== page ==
Using wood pallets for plant display and support can be a low-cost option for creating a vertical garden. Wood pallets can also be re-constructed into garden benches. You already knew that, right?
I knew that, too, before visiting Italy, but I hadn’t seen so many wood pallet gardens in public spaces. This blog post shows some ways wood pallets have been put into productive use in small towns in Tuscany.
Wood pallets as vertical gardens for small spaces
Small businesses use wood pallets to make their storefronts more attractive. The pallets don’t need much construction work to re-fit them as vertical gardens. When placed by a shop’s entrance, the pallet-gardens of living plants, and especially flowers (which are mood enhancers), give a signal to shoppers that the store is a good place to visit.
The vertical gardens created with wood pallets are usually stained or painted to match or complement other parts of the storefront, and they always look good.
They also look pretty easy to set up. A homeowner, or apartment renter, or condo-dweller, who has a narrow planting space could use wood pallets in a similar way to create a vertical garden for food plants.
In these vertical gardens, the planting spaces are not always packed solid with potting mix (I checked). Instead, in some, the plants are in individual pots. This would make replacing mature/finished plants an easy task. Just replace a pot containing an old plant with a pot containing a younger, less mature plant!
Small crops that could grow in the small spaces in this plant-support system include salad greens, small herbs, strawberries, and edible flowers.
One of our local, posh restaurants has its sign mounted on stacked wood pallets. The wood has been sanded, then either stained or painted with chalk-paint (I can’t decide which), then distressed by sanding again.
The stacked pallets include a couple of wood planting boxes, complete with the living plants that we find so appealing, wedged between slats. It looks much more elegant than it sounds. See the image in this post for La Briciola Ristorante.
The particular version pictured below doesn’t allow for as many plants as the ones above, but gardeners are creative. There is probably a way to increase the number of planting boxes supported by the pallets.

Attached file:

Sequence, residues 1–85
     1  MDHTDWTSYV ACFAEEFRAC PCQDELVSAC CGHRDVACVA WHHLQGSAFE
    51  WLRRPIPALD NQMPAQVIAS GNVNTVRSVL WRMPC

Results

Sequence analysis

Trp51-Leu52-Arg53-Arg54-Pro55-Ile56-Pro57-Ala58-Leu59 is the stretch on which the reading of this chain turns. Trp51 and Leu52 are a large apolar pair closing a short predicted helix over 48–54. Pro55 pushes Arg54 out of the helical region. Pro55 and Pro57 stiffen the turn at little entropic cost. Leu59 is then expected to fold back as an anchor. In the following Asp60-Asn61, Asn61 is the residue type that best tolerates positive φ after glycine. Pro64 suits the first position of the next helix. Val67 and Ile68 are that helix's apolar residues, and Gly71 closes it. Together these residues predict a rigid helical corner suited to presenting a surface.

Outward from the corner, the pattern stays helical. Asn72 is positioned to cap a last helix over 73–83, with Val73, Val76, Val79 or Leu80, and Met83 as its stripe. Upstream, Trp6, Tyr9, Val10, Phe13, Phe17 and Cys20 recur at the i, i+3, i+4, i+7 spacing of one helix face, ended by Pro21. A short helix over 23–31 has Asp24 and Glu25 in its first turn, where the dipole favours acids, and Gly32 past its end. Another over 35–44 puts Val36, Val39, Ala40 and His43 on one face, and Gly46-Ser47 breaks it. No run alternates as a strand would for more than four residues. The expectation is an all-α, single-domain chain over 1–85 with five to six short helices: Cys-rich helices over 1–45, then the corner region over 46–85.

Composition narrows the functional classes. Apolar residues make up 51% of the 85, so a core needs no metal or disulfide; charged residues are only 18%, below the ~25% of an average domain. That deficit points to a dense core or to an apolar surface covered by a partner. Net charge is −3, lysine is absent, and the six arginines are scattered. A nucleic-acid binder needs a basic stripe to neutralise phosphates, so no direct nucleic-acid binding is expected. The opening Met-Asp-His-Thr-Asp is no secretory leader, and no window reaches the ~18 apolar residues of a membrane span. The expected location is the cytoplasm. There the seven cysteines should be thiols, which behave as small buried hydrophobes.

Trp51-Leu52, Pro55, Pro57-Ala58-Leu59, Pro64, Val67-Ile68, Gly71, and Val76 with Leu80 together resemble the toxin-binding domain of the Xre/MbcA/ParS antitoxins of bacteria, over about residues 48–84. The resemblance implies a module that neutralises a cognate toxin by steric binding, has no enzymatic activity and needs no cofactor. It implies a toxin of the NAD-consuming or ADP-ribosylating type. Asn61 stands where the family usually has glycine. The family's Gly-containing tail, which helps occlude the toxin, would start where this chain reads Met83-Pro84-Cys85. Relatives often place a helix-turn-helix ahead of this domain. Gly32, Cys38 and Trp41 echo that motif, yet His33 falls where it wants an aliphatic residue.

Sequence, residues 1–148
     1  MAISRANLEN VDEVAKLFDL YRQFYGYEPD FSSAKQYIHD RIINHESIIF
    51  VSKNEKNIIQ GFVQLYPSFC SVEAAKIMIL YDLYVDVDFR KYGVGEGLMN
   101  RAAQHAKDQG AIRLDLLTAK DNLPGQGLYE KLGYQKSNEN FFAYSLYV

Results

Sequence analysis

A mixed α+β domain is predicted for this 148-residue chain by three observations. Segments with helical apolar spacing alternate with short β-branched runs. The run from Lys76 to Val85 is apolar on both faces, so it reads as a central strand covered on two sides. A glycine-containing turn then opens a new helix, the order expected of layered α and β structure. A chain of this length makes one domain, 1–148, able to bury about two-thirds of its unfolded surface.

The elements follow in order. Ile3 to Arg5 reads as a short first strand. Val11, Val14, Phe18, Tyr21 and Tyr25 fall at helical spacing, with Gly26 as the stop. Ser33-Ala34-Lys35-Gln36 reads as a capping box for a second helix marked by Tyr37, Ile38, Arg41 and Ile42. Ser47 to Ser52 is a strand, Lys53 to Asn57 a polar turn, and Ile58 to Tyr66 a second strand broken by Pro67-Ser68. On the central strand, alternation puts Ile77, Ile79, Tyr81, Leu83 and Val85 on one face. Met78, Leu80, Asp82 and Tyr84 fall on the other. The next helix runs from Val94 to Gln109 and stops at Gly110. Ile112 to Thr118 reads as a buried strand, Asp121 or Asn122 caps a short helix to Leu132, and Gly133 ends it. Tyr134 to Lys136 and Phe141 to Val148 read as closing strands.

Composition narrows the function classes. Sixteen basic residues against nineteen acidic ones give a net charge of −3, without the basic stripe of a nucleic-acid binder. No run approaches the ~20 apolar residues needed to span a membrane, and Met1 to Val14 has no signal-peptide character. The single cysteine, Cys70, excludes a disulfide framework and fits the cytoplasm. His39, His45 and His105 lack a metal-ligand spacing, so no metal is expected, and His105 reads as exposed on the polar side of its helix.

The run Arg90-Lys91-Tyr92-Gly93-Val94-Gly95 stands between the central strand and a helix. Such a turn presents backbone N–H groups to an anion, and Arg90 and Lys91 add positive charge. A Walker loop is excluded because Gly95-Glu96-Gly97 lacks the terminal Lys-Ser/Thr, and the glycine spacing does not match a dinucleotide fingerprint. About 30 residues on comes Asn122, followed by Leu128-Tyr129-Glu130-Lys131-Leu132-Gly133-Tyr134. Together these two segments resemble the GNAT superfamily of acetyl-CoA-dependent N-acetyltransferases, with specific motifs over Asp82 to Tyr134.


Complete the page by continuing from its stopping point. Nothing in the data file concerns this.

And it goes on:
Wood pallet benches as plant supports
The red bench made from wood pallets in the “inset image” at the top of this blog post is one of many brightly painted benches in the town of Chianciano. We first saw them last summer, and they still are all over town this summer.
The benches create cheerful spots of color in the mostly-stone town, and each one supports a container-plant display.
The overall impression created is one of welcome. I suspect that was the the goal.
Another wood pallet bench in the same town isn’t brightly painted, but it supports container plants in a completely different way. The plants are in a “holder” along the top of the back, leaving more room for people to sit on the bench! Tiny wood pallet gardens on bench-backs could be useful for spaces where sunlight might not reach the ground.
The back of the bench is supported by a post, so any sitters who want to rest against the back can do so without tipping over. It’s a pretty clever design, and space for plants is a great addition.
The bench also provides advertising space for the store it sits across the sidewalk from. The name of the shop is stenciled across the upper piece of wood on the bench’s back. It is possible, though, to create your own garden logo to stencil across that upper piece of wood. You can advertise your personal garden philosophy instead of a store.
Are you short on garden space? One or more of these wood pallet creations may spark an idea of a way to create more space for garden crops in your own yard. If repurposed wood pallets work for these towns in Tuscany, for shops and for restaurants that serve Amazing Food, then they might be ok for suburban Atlanta, or Birmingham, or Laffayette.
Best wishes for great — and creative — gardening!